“So the final question is whether the government of India should try to address the basic problem of proprietorship of knowledge, and its subsequent commercialisation, by negotiating for a better deal from journal proprietors for access at less exorbitant fees; or should it examine how to change the law to give proprietary ownership to the creators of the knowledge?
The earlier bulk subscriptions negotiated by Uruguay and Egypt, cost them about Rs 48 per capita, while India currently spends about Rs 12 per capita. For India to arrive at an agreement at the same rate as Uruguay and Egypt would mean an expenditure of roughly Rs 6,500 crore (or $890mn). As it is, in India, public funding for research is scarce and becoming scarcer by the day through market-friendly policies. Changing the law, on the other hand, would either mean modifying existing legal provisions or at least passing legislation with respect to publicly funded research and its products within India as well as free access to such research globally….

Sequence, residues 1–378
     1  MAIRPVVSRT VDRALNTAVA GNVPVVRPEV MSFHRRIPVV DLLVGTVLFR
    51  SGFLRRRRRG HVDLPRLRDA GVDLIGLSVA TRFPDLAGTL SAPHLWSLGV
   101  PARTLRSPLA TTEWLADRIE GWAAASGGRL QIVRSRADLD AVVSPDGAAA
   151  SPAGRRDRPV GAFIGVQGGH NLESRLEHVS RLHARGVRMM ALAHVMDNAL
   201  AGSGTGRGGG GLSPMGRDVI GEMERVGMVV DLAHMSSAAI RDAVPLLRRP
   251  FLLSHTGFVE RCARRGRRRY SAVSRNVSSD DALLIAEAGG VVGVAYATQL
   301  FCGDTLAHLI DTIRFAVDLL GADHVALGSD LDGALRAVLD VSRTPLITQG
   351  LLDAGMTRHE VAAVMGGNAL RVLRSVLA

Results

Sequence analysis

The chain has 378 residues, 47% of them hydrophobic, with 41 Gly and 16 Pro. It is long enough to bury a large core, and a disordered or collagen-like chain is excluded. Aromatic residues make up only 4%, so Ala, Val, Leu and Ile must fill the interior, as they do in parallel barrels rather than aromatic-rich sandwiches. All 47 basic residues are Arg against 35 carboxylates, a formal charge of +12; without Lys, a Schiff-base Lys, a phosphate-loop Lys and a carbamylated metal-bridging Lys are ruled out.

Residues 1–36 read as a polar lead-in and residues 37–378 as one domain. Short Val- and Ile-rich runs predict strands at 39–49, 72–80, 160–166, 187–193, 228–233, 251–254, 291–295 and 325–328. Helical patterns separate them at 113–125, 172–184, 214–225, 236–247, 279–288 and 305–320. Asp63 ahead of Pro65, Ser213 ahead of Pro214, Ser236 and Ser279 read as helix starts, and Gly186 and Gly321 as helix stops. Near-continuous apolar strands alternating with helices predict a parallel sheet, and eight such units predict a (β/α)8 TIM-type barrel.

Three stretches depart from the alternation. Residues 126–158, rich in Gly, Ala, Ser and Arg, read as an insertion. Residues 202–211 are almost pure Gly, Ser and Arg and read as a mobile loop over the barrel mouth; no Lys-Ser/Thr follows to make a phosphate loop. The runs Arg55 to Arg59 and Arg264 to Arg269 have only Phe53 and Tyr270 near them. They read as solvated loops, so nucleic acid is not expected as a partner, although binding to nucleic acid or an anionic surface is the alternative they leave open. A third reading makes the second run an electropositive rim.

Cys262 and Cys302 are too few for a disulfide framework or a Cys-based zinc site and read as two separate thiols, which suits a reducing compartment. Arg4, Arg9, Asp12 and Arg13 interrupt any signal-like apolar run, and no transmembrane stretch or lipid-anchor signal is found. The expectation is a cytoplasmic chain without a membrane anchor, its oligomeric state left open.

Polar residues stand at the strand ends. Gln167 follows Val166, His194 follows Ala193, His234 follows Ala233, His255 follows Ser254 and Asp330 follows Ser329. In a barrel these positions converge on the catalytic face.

Meanwhile, we must be quite clear that Sci-Hub and Library Genesis are providing an enormously useful service to scholars all over the world. It will be a long time before any official agency in India will be able to provide a comparable service. The best we can hope for is that the court cases against them languish for as long as possible as they do for much less laudable causes.”